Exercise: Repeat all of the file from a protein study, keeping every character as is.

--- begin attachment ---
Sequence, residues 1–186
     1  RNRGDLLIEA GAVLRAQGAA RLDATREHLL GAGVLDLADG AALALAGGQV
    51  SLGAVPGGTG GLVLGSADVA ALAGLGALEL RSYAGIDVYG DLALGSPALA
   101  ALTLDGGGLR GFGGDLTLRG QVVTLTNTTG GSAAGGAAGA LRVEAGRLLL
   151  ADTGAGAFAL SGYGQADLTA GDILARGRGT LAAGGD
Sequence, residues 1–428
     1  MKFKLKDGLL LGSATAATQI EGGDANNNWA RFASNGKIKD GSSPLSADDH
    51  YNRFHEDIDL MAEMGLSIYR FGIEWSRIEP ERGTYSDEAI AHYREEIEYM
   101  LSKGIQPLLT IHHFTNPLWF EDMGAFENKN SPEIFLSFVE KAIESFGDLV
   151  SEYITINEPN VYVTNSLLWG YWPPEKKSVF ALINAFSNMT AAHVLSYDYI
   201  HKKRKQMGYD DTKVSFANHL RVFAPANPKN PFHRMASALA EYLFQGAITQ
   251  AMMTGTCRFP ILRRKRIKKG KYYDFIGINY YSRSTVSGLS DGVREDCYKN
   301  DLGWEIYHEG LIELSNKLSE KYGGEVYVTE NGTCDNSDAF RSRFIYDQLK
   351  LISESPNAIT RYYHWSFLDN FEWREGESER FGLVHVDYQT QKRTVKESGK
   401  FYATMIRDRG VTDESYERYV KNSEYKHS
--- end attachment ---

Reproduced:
Sequence, residues 1–186
     1  RNRGDLLIEA GAVLRAQGAA RLDATREHLL GAGVLDLADG AALALAGGQV
    51  SLGAVPGGTG GLVLGSADVA ALAGLGALEL RSYAGIDVYG DLALGSPALA
   101  ALTLDGGGLR GFGGDLTLRG QVVTLTNTTG GSAAGGAAGA LRVEAGRLLL
   151  ADTGAGAFAL SGYGQADLTA GDILARGRGT LAAGGD
Sequence, residues 1–428
     1  MKFKLKDGLL LGSATAATQI EGGDANNNWA RFASNGKIKD GSSPLSADDH
    51  YNRFHEDIDL MAEMGLSIYR FGIEWSRIEP ERGTYSDEAI AHYREEIEYM
   101  LSKGIQPLLT IHHFTNPLWF EDMGAFENKN SPEIFLSFVE KAIESFGDLV
   151  SEYITINEPN VYVTNSLLWG YWPPEKKSVF ALINAFSNMT AAHVLSYDYI
   201  HKKRKQMGYD DTKVSFANHL RVFAPANPKN PFHRMASALA EYLFQGAITQ
   251  AMMTGTCRFP ILRRKRIKKG KYYDFIGINY YSRSTVSGLS DGVREDCYKN
   301  DLGWEIYHEG LIELSNKLSE KYGGEVYVTE NGTCDNSDAF RSRFIYDQLK
   351  LISESPNAIT RYYHWSFLDN FEWREGESER FGLVHVDYQT QKRTVKESGK
   401  FYATMIRDRG VTDESYERYV KNSEYKHS